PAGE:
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Monday, 8 April, 2002, 17:34 GMT 18:34 UK
IRA denies role in security breach
Castlereagh is the PSNI's Belfast headquarters
Castlereagh is the PSNI's Belfast headquarters
The IRA has denied any involvement in a security breach at Belfast's police headquarters.

Close to 200 Special Branch officers have been told they are at greater risk of terrorist attack following the theft of documents from the Castlereagh complex.

A Special Branch officer was also assaulted when three men entered an office inside the east Belfast complex on St Patrick's Day.

Despite denials by Sinn Fein, security sources are continuing to link the IRA to the raid.

However, on Monday a republican source told the BBC that the IRA leadership "categorically denied" any involvement in the incident.

Northern Ireland Secretary John Reid described the IRA's denial as "interesting".

Northern Ireland Secretary John Reid
John Reid: Described IRA denial as "interesting"

He added: "At the end of the day, this will be based on the evidence."

The theft occurred in an office which is used as a "link-point" for security force informers and their police handlers.

Among the documents taken was an index book listing the ranks, names and telephone numbers of Special Branch officers.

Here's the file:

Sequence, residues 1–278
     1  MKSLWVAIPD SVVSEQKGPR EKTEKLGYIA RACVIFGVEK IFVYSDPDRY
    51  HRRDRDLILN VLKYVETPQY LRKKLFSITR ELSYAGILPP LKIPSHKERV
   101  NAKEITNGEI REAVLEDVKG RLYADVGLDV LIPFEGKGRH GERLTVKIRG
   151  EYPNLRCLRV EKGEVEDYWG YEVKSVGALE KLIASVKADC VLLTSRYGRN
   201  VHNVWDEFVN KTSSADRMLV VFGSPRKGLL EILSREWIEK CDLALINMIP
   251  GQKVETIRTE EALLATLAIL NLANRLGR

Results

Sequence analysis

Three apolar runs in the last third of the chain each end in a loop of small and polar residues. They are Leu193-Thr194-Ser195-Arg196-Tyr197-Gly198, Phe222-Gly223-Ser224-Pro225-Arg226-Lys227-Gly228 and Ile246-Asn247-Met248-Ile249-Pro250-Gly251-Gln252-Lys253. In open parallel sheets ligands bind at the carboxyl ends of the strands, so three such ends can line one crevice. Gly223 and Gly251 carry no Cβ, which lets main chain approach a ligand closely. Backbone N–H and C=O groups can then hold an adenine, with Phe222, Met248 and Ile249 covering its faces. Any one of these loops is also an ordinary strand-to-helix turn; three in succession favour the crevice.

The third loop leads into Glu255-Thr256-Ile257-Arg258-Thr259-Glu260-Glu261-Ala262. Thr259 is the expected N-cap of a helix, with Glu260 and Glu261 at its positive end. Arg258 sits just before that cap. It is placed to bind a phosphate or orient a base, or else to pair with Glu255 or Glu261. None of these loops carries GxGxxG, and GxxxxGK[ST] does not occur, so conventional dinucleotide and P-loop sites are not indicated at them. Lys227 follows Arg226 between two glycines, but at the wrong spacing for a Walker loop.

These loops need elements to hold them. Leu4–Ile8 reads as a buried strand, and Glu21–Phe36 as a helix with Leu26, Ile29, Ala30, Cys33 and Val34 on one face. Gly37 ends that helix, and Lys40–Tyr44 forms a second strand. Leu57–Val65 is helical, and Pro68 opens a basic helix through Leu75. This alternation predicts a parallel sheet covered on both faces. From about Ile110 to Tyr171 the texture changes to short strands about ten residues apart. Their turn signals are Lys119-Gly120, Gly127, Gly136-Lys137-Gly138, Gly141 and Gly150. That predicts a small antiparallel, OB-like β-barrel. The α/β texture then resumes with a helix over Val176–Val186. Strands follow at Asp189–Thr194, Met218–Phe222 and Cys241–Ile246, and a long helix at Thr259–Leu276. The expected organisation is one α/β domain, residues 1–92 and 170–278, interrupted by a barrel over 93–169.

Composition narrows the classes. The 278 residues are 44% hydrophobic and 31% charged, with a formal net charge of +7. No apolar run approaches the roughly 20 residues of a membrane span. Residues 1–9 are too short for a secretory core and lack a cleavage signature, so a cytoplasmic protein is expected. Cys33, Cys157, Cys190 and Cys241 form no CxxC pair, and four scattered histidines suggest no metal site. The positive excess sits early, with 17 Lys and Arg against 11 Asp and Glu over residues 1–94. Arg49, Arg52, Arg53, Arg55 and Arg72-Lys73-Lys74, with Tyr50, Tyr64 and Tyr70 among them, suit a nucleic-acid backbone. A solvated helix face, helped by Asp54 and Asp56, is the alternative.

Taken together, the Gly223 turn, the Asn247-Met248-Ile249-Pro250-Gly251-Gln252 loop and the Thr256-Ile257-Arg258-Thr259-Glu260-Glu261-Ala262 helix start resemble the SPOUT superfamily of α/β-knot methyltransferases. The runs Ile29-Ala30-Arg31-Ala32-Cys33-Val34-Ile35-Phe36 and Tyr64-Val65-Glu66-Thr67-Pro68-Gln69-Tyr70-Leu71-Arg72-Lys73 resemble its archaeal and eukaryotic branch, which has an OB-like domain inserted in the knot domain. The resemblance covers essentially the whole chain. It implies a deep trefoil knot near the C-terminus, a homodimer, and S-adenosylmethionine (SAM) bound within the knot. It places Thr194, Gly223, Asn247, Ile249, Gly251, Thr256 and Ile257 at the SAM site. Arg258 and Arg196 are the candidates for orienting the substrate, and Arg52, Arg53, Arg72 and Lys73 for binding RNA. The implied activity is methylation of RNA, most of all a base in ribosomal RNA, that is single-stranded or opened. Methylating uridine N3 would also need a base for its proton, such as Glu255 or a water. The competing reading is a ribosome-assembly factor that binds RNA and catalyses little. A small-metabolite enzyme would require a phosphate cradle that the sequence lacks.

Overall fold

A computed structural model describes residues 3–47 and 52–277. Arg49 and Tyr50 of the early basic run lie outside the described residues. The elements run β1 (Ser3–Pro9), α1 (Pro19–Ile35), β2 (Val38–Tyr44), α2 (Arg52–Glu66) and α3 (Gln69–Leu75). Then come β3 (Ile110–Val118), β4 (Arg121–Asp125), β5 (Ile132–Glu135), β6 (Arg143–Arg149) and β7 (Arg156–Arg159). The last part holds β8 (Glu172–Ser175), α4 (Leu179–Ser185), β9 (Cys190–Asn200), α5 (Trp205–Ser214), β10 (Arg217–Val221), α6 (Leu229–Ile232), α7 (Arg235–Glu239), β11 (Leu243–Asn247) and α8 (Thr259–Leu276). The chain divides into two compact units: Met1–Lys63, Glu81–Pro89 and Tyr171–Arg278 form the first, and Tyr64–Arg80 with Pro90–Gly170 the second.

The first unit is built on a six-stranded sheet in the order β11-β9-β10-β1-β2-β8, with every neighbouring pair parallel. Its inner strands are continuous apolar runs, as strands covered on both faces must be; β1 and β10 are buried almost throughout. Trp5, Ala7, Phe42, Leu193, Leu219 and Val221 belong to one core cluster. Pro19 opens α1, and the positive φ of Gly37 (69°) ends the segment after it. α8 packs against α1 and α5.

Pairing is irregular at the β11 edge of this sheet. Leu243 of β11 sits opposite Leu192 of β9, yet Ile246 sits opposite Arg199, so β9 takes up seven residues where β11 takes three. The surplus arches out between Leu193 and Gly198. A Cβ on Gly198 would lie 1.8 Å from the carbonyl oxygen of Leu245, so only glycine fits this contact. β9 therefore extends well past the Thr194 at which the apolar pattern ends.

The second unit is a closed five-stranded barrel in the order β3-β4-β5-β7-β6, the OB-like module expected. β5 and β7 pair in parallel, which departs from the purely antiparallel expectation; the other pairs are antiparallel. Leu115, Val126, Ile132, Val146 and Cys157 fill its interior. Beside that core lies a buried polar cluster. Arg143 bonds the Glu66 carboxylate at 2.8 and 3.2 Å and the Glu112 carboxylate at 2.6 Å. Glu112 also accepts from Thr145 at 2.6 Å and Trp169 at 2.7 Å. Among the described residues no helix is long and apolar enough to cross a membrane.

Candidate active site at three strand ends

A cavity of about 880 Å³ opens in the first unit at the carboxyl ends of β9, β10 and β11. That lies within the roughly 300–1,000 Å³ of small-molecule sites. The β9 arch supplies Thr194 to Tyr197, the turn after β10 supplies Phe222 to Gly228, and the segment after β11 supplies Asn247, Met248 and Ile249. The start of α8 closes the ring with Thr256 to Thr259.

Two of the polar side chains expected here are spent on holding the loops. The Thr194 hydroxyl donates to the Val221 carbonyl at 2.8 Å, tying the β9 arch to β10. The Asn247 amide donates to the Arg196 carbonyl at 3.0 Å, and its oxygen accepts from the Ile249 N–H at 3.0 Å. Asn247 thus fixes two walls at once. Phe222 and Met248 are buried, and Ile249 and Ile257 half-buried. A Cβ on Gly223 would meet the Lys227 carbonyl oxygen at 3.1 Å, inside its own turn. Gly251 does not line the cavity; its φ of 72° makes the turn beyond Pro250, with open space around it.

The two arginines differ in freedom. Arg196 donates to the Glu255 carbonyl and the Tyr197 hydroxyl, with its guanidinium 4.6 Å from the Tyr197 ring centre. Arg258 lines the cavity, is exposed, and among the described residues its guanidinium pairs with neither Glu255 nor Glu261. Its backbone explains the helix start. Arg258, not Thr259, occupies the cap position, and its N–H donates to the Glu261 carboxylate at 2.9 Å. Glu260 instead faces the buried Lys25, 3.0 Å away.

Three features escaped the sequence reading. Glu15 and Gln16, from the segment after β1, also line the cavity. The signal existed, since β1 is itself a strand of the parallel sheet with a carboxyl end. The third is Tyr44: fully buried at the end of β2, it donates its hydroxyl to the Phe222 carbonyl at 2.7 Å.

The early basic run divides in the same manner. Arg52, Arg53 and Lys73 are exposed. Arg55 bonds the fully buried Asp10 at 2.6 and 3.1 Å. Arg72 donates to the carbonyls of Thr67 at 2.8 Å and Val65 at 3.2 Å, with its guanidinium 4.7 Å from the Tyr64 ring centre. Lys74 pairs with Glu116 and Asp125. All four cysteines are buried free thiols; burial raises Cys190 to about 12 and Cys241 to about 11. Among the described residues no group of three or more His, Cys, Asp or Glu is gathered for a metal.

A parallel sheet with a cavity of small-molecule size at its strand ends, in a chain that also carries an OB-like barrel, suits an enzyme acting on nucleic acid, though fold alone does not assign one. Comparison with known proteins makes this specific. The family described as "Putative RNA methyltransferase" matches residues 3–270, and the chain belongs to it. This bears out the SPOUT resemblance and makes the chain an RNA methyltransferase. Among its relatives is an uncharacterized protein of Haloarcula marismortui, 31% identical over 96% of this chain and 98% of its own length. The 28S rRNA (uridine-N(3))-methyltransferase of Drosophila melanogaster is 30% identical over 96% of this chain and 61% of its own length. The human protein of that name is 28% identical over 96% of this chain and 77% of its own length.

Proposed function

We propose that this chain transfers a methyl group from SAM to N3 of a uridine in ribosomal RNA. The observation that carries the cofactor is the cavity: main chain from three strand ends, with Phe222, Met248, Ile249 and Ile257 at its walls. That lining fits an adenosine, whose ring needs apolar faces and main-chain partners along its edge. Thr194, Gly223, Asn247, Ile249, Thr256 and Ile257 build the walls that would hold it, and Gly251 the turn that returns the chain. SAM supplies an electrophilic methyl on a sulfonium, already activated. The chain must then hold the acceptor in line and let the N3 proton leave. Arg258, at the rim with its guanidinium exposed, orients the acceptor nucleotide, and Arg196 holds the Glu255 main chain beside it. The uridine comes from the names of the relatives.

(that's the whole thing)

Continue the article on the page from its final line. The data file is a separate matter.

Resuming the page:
However, the information taken did not include their addresses.

Details on other officers not attached to Special Branch were also listed in the book.

Special Branch officers have been briefed and told that the threat assessment following the breach was being upgraded.

But security sources said officers had not been advised to leave their homes.

Sinn Fein said a warning to Special Branch officers following the breach was an "expensive smokescreen".

'Inside job'

On Sunday, the party's spokesman on policing, Gerry Kelly, said that the officers would already have high risk security status.

Mr Kelly said he was adamant that the security breach was an "inside job".

Security sources told the BBC on Saturday there was no other major line of inquiry than that linking the IRA to the security breach.

Last week, detectives investigating the breach travelled to the United States to question a former employee at the complex.

The man police wanted to question left his job in the kitchens at Castlereagh a number of weeks before the incident.

Security sources said detectives had been liaising with the American authorities.

Two separate investigations into the incident are taking place - the police's own and an inquiry by former senior civil servant Sir John Chilcot who will report directly to Northern Ireland Secretary John Reid.

Days after the breach, it emerged that the office was only moved to that room from another part of the building a week previously because the complex was being refurbished.

Special Branch deals with intelligence work, some relating to informers, and has an anti-terrorism role in Northern Ireland.

One of the main police centres for the interrogation of terrorist suspects was located at Castlereagh. It closed at the end of 1999.

See also:

07 Apr 02 | Northern Ireland
Security upgrade a 'smokescreen'
06 Apr 02 | Northern Ireland
Officers warned of greater terror risk
03 Apr 02 | Northern Ireland
US move in security breach inquiry
20 Mar 02 | Northern Ireland
Police security breach review heads
20 Mar 02 | Northern Ireland
Security breach inquiries 'damaging'
20 Mar 02 | Northern Ireland
Informers: A dangerous assignment
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